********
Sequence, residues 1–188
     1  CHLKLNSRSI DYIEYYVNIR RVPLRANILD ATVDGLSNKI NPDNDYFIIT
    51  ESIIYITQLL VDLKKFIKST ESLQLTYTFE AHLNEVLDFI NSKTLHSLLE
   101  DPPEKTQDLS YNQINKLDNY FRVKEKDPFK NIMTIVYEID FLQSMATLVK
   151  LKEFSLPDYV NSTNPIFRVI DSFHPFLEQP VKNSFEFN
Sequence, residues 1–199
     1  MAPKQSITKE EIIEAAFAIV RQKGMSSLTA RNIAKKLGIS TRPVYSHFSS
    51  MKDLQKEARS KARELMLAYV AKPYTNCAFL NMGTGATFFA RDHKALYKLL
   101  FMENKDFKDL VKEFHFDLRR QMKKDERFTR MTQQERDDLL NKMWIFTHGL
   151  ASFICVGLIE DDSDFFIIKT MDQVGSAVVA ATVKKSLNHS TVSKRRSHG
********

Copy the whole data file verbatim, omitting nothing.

Sequence, residues 1–188
     1  CHLKLNSRSI DYIEYYVNIR RVPLRANILD ATVDGLSNKI NPDNDYFIIT
    51  ESIIYITQLL VDLKKFIKST ESLQLTYTFE AHLNEVLDFI NSKTLHSLLE
   101  DPPEKTQDLS YNQINKLDNY FRVKEKDPFK NIMTIVYEID FLQSMATLVK
   151  LKEFSLPDYV NSTNPIFRVI DSFHPFLEQP VKNSFEFN
Sequence, residues 1–199
     1  MAPKQSITKE EIIEAAFAIV RQKGMSSLTA RNIAKKLGIS TRPVYSHFSS
    51  MKDLQKEARS KARELMLAYV AKPYTNCAFL NMGTGATFFA RDHKALYKLL
   101  FMENKDFKDL VKEFHFDLRR QMKKDERFTR MTQQERDDLL NKMWIFTHGL
   151  ASFICVGLIE DDSDFFIIKT MDQVGSAVVA ATVKKSLNHS TVSKRRSHG